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UMD professor vows to bring science to energy drink

UMD professor vows to bring science to energy drink

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On paper, Dr. Bankole Johnson does not seem like a person who would be launching his own business.

A lifelong academic, medical doctor and professor at the University of Maryland School of Medicine, Johnson got the idea to open a business when he was out running an errand for his wife. She had asked him to pick up an enhanced drink at the grocery store that claims to boost mental function.

He looked at the ingredients and couldn’t see how the drink did anything but give people a sugar and caffeine high.

“They couldn’t enhance the health of your brain or enhance whatever they said they were enhancing,” he said. “They hadn’t really been designed to work on the basis of science.”

Upon sharing his findings with his wife, her response was: Why don’t you do something about it?

Like a true scientist, Johnson started doing research and coming up with formulas.

“To me, it required a very different and novel thinking,” he said, “It was a blank sheet of paper to start off with.”

Johnson read as many as 600 articles on different approaches to beverage making. He wanted to make a drink with “naturally occurring substances.” Once he got the formula he wanted, he reached out to Firmenich, a company based in Geneva, Switzerland, and one of the largest flavor houses in the world.

To them, Johnson was an anomaly. No one ever comes in with a formula, ready to go. Doctors typically aren’t in the beverage-making business either.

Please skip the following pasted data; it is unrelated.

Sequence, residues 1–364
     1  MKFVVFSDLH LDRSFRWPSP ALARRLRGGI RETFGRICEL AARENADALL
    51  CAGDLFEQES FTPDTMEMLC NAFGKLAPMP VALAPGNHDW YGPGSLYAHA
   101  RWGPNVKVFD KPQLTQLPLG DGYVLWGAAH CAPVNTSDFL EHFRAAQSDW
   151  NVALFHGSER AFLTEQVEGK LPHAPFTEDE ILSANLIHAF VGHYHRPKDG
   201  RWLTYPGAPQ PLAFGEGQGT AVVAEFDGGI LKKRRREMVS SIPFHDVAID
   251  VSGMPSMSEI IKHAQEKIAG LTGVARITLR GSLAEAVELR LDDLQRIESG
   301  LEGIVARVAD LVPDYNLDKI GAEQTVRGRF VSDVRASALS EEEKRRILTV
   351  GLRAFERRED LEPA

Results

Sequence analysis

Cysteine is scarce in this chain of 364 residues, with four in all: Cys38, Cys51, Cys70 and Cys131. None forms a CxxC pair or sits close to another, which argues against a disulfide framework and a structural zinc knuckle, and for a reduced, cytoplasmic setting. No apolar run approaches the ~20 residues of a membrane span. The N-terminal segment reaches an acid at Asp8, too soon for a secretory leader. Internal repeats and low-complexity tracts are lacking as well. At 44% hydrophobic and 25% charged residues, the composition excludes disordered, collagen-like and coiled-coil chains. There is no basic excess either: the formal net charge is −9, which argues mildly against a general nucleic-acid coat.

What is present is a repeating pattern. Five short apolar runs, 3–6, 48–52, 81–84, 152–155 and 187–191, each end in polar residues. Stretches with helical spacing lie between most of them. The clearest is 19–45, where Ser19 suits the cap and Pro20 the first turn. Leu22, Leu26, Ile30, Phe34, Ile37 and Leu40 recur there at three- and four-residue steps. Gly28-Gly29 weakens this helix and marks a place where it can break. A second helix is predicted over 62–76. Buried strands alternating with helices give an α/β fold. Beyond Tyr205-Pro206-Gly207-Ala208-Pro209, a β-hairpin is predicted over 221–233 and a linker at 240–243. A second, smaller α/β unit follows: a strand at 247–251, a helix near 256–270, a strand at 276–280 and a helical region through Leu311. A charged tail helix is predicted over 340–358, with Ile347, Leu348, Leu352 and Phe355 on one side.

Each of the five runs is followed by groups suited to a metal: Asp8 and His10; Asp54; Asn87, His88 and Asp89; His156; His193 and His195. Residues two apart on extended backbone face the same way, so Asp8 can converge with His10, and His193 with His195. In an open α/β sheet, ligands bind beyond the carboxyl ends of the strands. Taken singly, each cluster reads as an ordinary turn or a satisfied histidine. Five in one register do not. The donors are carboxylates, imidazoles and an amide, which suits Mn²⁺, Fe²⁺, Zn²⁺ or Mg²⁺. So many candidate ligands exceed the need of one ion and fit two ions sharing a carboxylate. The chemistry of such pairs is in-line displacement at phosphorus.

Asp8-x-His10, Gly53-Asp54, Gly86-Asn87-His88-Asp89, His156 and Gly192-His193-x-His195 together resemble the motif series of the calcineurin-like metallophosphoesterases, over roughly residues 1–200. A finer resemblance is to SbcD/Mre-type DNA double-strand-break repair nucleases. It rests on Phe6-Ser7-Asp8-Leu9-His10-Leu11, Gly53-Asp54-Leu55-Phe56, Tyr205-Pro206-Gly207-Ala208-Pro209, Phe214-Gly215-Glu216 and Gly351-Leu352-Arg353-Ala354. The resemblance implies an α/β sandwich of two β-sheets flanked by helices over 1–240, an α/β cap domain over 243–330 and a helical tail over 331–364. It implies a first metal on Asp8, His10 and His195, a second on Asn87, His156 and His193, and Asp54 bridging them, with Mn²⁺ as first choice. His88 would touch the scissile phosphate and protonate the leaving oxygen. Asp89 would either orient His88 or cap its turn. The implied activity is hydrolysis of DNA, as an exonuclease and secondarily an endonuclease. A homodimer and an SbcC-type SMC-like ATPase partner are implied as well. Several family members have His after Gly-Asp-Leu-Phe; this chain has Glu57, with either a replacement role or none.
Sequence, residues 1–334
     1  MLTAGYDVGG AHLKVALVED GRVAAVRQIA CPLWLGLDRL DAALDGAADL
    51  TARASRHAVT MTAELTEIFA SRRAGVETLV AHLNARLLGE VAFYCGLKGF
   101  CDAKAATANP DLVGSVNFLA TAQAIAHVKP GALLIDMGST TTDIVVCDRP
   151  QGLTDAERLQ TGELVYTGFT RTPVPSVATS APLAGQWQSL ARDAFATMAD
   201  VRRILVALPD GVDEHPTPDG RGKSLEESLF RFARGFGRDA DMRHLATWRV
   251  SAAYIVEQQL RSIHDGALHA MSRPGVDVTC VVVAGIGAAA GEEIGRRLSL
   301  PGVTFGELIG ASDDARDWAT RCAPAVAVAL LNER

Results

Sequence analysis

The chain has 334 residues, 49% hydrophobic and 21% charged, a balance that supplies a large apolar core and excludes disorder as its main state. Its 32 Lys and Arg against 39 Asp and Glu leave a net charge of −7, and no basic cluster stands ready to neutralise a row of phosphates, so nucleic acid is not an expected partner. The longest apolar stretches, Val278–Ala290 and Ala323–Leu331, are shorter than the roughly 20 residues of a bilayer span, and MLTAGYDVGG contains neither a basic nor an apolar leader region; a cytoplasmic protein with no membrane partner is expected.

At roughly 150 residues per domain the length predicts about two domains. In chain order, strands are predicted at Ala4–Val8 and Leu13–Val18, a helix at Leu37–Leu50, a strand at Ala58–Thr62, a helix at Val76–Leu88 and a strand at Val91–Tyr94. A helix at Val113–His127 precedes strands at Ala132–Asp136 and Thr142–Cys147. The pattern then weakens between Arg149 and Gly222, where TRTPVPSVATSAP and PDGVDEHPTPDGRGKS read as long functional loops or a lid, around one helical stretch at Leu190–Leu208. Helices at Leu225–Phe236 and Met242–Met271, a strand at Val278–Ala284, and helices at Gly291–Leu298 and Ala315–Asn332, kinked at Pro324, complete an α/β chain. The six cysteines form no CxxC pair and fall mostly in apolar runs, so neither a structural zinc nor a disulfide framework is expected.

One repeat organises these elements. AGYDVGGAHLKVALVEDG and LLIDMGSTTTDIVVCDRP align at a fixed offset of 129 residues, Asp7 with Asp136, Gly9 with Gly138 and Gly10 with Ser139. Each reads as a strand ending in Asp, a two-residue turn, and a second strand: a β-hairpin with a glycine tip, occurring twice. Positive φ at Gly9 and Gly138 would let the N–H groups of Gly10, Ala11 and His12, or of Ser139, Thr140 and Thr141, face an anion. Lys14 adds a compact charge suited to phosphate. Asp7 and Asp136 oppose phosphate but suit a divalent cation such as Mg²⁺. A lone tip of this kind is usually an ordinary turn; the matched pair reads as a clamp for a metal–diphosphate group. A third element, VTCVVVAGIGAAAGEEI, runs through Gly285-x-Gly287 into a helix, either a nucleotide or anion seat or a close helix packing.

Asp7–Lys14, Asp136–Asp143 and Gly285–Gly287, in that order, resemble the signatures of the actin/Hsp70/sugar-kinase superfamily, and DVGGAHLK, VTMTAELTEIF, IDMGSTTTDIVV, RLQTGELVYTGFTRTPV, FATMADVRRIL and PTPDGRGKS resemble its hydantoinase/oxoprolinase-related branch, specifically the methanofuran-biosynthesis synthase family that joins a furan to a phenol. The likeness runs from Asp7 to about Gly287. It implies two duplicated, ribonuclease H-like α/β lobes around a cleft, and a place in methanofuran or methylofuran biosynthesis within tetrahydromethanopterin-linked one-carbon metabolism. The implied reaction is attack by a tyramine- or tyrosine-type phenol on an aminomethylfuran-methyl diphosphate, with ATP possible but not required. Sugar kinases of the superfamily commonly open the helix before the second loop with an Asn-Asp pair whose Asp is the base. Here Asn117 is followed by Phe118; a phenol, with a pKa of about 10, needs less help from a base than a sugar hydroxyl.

“First question I got was, ‘Are you a rapper, an actor?”

Firmenich sent representatives from their New Jersey office to meet with Johnson in Maryland, he said.

“It was a very nice, collaborative process. It was a lot of fun.”

With that, Kole Life Foods was born. The drinks are marketed as having amino acids, trace elements and vitamins to enhance brain function. They come in four flavors: Inspire, which is supposed to boost focus and attention; Happy, which is supposed to elevate the drinker’s mood; Dreams, for sleeping; and Ignite, which is supposed to enhance intimacy.

The drink is not regulated by the Food and Drug Administration. Congress has largely exempted the supplement industry from federal regulation, which means that those products’ health claims are not subject to any outside scrutiny.

Johnson said the FD was sent a notification that the drink is being sold.

Even though he knew the science, Johnson had to learn the business side. Initially, he estimated the drink was going to cost about $50,000 to produce. Development ended up costing $1 million.

He got funding primarily through angel investors from around the country. Johnson hopes his next funding round will include angel investors from Maryland and the Baltimore area.

“I’ll certainly be disappointed if all our investors are outside of Maryland,” he said.

The lack of Maryland angel investors in Johnson’s venture speaks to a wider problem that new businesses face in the state when it comes to securing initial financing, local entrepreneurs have complained. They’ve taken their concerns to the General Assembly, which is considering the creation of tax credits to spur early-stage capital investments.

Johnson plans to do another round of funding soon.

The Kole beverages are available for purchase on the brand’s website and will be available on Amazon in the coming weeks. The drinks cost $3 a bottle.

While it’s just the beginning, Johnson has big plans for his company. He hopes to eventually have a staff of 75 employees in Baltimore to handle sales and logistics.

“It’s going to be a fairly large company in the next couple of years,” he said.

But Johnson doesn’t plan to stop being a professor anytime soon. He has an executive vice president who manages the day-to-day operations. He plans to stay on as chairman of the company.

“All my time is focused on the school.”

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